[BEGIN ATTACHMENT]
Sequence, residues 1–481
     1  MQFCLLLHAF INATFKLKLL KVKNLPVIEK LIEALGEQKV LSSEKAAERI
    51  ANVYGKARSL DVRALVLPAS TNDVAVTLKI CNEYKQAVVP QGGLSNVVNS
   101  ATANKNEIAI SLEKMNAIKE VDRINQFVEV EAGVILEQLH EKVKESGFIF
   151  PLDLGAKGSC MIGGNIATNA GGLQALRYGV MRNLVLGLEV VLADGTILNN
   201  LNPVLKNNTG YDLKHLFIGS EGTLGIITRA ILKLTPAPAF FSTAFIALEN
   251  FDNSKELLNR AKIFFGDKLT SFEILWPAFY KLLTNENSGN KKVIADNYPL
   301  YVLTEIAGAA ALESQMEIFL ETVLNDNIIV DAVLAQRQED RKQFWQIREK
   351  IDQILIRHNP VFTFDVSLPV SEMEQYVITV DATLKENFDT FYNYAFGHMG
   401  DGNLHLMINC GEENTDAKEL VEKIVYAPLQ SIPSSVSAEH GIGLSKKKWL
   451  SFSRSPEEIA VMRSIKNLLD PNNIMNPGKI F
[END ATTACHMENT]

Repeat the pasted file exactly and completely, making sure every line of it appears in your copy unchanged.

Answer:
Sequence, residues 1–481
     1  MQFCLLLHAF INATFKLKLL KVKNLPVIEK LIEALGEQKV LSSEKAAERI
    51  ANVYGKARSL DVRALVLPAS TNDVAVTLKI CNEYKQAVVP QGGLSNVVNS
   101  ATANKNEIAI SLEKMNAIKE VDRINQFVEV EAGVILEQLH EKVKESGFIF
   151  PLDLGAKGSC MIGGNIATNA GGLQALRYGV MRNLVLGLEV VLADGTILNN
   201  LNPVLKNNTG YDLKHLFIGS EGTLGIITRA ILKLTPAPAF FSTAFIALEN
   251  FDNSKELLNR AKIFFGDKLT SFEILWPAFY KLLTNENSGN KKVIADNYPL
   301  YVLTEIAGAA ALESQMEIFL ETVLNDNIIV DAVLAQRQED RKQFWQIREK
   351  IDQILIRHNP VFTFDVSLPV SEMEQYVITV DATLKENFDT FYNYAFGHMG
   401  DGNLHLMINC GEENTDAKEL VEKIVYAPLQ SIPSSVSAEH GIGLSKKKWL
   451  SFSRSPEEIA VMRSIKNLLD PNNIMNPGKI F